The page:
LESSON #1: WE ARE LIVING IN A GOLDEN AGE OF SPIDER-MAN— What was broken beyond repair a few years ago couldn’t be in a better place today. Spider-Man: Far From Home is Tom Holland’s second solo film and fifth total movie appearance as Peter Parker and he is maturing and progressing the character just about perfectly. The movie was given the responsibility of closing out the latest Marvel Cinematic Universe phase and it did not disappoint. Combine the live-action take with the stellar animated off-shoot of Spider-Man: Into the Spider-Verse and the character finds himself as popular as it has ever been. If Marvel was looking for the next flagship character to lead the MCU after the departure of Robert Downey, Jr., look no further.
LESSON #2: GET FREE STUFF WHILE IT LASTS— Amid the streaming wars sits two wonderful services available for free with many public library cards. Folks on this site and group have long sung the praises of Hoopla and Kanopy. The price of free is amazing and, possibly soon, too good to be true. The usage tab on the library’s end of things might start putting limitations on Kanopy, which would be a damn shame. Between its Paramount and A24 offerings, Kanopy is invaluable for open discovery. It would be a shame to see it dropped at some libraries.
LESSON #3: 30 YEARS LATER, BATMAN STILL HOLDS UPs— We’re all living today at the MCU buffet, but the older among us reminder the sensational time of frenzy and hype that came with 1989’s Batman from Tim Burton and Warner Bros. Pictures. As a movie, it redefined superhero films and showed that dark could sell and camp could be corrected (albeit until Joel Schumacher digressed the franchise). The lore of Michael Keaton and Jack Nicholson have diminished little, even after Christopher Nolan’s reimagining nearly two decades after. As an event, it was a blockbuster that broke marketing models and changed the way Hollywood did business. The MovieFilm Commentary team recorded a track you can play alongside the film and Gena Radcliffe of The Spool had a nice column piece. I too hopped on Mike Crowley’s “You’ll Probably Agree” podcast recently to reminisce. Like Seth Rogen in Neighbors talking to Zac Efron, Michael Keaton is still my Batman.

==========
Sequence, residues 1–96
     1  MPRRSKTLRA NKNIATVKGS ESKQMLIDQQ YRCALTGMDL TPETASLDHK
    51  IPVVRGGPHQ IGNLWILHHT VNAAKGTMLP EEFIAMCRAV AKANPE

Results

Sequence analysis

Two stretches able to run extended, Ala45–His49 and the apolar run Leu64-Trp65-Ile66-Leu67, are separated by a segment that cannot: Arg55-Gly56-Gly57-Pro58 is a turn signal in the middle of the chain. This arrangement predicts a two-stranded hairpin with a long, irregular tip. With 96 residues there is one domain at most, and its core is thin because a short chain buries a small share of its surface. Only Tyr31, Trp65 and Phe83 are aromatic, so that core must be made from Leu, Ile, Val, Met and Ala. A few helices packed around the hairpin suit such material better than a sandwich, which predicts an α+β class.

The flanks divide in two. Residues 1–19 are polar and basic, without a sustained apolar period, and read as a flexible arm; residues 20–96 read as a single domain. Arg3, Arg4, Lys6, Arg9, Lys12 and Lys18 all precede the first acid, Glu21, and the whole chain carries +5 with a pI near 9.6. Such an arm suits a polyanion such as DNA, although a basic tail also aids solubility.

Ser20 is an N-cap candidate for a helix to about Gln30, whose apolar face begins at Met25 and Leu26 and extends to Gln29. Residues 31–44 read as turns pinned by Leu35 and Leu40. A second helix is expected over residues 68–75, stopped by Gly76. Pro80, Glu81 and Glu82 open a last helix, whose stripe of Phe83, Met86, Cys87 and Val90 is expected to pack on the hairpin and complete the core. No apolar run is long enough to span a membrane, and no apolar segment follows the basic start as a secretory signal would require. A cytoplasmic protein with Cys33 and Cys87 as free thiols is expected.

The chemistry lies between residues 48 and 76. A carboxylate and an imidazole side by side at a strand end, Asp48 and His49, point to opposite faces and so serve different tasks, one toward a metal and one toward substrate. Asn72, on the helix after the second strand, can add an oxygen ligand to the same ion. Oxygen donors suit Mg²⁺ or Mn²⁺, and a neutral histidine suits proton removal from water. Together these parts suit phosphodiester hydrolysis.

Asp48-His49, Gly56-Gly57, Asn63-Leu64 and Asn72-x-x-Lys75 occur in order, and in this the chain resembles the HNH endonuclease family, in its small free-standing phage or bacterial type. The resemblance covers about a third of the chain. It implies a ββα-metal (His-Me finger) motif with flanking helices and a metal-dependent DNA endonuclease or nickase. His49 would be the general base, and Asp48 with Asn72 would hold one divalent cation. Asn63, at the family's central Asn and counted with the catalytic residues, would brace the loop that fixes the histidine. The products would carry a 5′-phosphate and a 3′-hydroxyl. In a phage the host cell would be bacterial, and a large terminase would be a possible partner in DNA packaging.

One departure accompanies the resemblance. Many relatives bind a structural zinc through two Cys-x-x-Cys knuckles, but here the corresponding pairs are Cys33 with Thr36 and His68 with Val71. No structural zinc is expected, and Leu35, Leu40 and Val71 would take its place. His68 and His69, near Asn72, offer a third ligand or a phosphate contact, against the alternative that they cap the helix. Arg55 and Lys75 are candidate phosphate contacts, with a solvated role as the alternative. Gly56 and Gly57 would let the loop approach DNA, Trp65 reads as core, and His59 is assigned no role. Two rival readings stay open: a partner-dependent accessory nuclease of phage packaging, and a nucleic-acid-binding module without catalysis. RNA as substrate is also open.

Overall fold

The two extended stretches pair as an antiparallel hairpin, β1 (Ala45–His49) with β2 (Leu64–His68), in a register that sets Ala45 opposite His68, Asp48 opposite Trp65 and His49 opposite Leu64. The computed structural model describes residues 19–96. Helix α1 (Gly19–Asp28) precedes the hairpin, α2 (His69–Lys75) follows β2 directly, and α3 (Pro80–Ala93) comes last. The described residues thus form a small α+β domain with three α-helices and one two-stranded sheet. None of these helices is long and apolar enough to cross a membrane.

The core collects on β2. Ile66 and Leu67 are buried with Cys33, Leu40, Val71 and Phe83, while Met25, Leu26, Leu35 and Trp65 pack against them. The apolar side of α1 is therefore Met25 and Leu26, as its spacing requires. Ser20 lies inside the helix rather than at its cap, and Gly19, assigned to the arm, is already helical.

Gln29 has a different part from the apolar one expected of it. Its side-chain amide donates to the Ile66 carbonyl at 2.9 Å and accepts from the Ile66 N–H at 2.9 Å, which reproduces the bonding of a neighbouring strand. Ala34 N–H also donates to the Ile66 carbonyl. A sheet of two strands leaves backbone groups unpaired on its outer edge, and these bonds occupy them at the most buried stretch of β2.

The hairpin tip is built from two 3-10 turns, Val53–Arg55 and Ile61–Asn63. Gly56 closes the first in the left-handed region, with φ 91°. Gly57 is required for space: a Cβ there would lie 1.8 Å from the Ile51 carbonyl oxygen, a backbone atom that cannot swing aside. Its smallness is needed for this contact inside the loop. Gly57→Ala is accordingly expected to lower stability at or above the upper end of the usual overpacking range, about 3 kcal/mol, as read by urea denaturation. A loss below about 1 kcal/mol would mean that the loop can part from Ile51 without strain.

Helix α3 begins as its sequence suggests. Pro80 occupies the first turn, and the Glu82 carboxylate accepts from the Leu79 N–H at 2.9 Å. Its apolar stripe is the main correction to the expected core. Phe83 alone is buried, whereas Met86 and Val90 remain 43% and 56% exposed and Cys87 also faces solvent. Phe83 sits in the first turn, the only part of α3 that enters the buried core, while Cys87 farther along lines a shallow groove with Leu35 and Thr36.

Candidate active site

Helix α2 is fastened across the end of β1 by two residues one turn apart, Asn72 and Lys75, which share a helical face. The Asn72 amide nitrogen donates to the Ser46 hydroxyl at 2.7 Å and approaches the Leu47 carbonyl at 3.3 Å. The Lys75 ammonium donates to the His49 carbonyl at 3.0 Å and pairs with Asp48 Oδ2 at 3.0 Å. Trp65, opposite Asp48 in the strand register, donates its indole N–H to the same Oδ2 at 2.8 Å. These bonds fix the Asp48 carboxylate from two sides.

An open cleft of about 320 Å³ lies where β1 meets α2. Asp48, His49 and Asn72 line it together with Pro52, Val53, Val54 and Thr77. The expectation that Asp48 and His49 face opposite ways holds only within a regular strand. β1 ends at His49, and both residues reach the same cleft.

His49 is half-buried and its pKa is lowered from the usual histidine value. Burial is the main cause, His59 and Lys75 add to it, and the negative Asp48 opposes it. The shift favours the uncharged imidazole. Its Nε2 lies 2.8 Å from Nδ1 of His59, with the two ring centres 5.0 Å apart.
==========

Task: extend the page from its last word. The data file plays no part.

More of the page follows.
LESSON #4: LOOK AT A CANDIDATE’S MOST CRUCIAL QUALIFICATIONS— Speaking of Warner Bros., the media giant hired its first-ever woman CEO recently. Ann Sarnoff was a proven winner at the BBC, raising subscriptions, and she will work to do the same at WB. It doesn’t matter that Ann is a woman. She’s good at what she does. The same can be said for Halle Bailey being cast as Ariel in the upcoming Little Mermaid re-imagining. Just listen to that woman sing. That’s the important trait for that role, not hair or skin color. Disney made a fantastic hire and so did the WB.
LESSON #5: IF THINGS ARE TOO BRIGHT AND COLORFUL FOR YOU DURING THE SUMMER, LOOK TO THE SHADOWS— In the recommendation slot, I am surely aware summer is not everyone’s thing. Some folks want nothing to do with the hot rainbow loudness of this season. If that’s you, might I suggest something colder and hard-boiled. Look into this list of the top 100 noir films from Slant Magazine or 33 neo-noir selections from Vulture. Use this summer heat for some home viewing that hard boils your plots and characters. I call that perfect palette-cleansing counter-programming for this time of year.
DON SHANAHAN is a Chicago-based and Rotten Tomatoes-approved film critic writing on his website Every Movie Has a Lesson. His movie review work is also published on 25YL (25 Years Later) and also on Medium.com for the MovieTime Guru publication. As an educator by day, Don writes his movie reviews with life lessons in mind, from the serious to the farcical. He is a proud director and one of the founders of the Chicago Independent Film Critics Circle and a member of the nationally-recognized Online Film Critics Society. As a contributor here on Feelin’ Film now for over two years, he’s going to expand those lessons to current movie news and trends while chipping in with guest spots and co-hosting duties, including the previous “Connecting with Classics” podcasts. Find “Every Movie Has a Lesson” on Facebook, Twitter, and Medium to follow his work. (#106)